Swinerton In the News

Swinerton Builders: November 01, 2013

Short on Labor, High on Demand

About 200 industry players gathered for Bisnow's Multifamily Summit at the Intercontinental San Francisco on Halloween morning, dressed up as suit-wearing developers, investors, engineers, and architects.

General contractors are worried the labor force isn't big enough to handle San Francisco's massive pipeline of housing. (For one, when the economy tanked in 2008, many workers fled the construction profession; few have returned.)

Some $25B worth of construction in the Bay Area is underway or ready to start—with some happening side by side. "That's really not typical," says Swinerton Builders VP Steve Johnson. As a result of the crane wars (between 30 and 40 are swinging in the sky), more coordination needs to happen between general contractors to make sure neighboring projects go smoothly. One construction-heavy cluster is 10th and Market, the site of Swinerton's four-tower, 754-unit complex.

Oz Erickson, chairman of the Emerald Fund, was happy to report that no 18,000-pound panels at his 100 Van Ness office-turned-apartments conversion project dropped on its neighbor. Oz also just finished 326 units at 333 Harrison next to the Bay Bridge. Don't expect Emerald to expand in other markets—San Francisco is its sweet spot. "We've been working here 30 years. It makes it easier when you know people in the town." Those longstanding relationships helped him vastly improve the community project approval process. "It used to be warfare. Every project was a bloody fight—it's much better now," he says.

With the high number of projects getting the green light, the president of the planning commission is concerned about whether the city's already-congested roads and public transit infrastructure can keep up, according to HKS' associate principal Brendan Dunnigan (a neighbor and friend of the prez). In the commission's mind, "we are maybe doing too much," he says. HKS has two big residential projects underway, one in Rincon Hill and another in Mission Bay, and is looking south for future work. Housing in San Jose is coming back, he points out.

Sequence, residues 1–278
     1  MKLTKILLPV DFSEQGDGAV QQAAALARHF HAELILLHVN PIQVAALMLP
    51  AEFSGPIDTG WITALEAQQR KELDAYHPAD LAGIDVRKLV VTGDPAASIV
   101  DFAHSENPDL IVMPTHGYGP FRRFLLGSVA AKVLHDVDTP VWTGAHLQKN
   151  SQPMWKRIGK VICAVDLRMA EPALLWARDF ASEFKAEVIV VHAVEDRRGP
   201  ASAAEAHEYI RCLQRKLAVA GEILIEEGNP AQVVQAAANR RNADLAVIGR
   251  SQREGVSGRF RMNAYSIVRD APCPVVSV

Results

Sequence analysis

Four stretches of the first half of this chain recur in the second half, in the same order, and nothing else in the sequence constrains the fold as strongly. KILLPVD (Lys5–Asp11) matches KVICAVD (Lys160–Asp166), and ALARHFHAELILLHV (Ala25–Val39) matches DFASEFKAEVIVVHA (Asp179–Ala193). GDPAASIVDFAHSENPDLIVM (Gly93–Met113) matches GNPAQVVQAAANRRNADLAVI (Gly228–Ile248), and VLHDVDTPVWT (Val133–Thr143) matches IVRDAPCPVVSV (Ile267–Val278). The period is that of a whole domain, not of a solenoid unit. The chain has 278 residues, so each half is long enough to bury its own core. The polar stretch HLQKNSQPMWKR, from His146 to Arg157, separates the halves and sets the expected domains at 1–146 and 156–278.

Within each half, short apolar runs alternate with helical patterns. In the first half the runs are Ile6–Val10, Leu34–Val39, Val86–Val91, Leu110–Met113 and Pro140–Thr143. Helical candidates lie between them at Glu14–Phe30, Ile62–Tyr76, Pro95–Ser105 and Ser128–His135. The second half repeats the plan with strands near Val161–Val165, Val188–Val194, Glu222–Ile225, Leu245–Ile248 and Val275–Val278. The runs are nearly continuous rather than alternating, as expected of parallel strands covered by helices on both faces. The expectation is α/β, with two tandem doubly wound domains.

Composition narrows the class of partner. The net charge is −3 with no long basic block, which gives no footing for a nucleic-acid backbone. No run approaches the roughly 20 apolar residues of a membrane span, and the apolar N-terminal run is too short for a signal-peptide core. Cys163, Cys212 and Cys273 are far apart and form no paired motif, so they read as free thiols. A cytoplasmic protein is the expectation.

Allen Matkins' partner Lee Gotshall-Maxon moderated the panel and gave kudos to Oz for his success in the city, noting the entitlements issue has vastly improved in the past 10 to 15 years. Lee asked panelists to share which amenities younger renters want. Steve's installing more cell phone enhancers so residents never drop a call with mom, and Oz says 20-somethings want large athletic facilities. Brendan offered the raciest answer: Roommates in two-bedroom units are demanding "acoustical privacy" at night. Think about it.

Land here is cheap, relative to its closest comp of NYC, says Maximus Real Estate Partners CEO Robert Rosania. If San Francisco remains a city where growth happens—meaning, you can "actually build buildings" and an anti-development stance doesn't return—prices of land will increase. He thinks lots of existing housing in San Francisco isn't pleasing, from an architectural and design standpoint. Today that's changing, and amenities and community spaces are more important than a unit having lots of square footage. "People put a much higher value on the feel and energy of a building and community it's created than maybe they did five years ago," he says.

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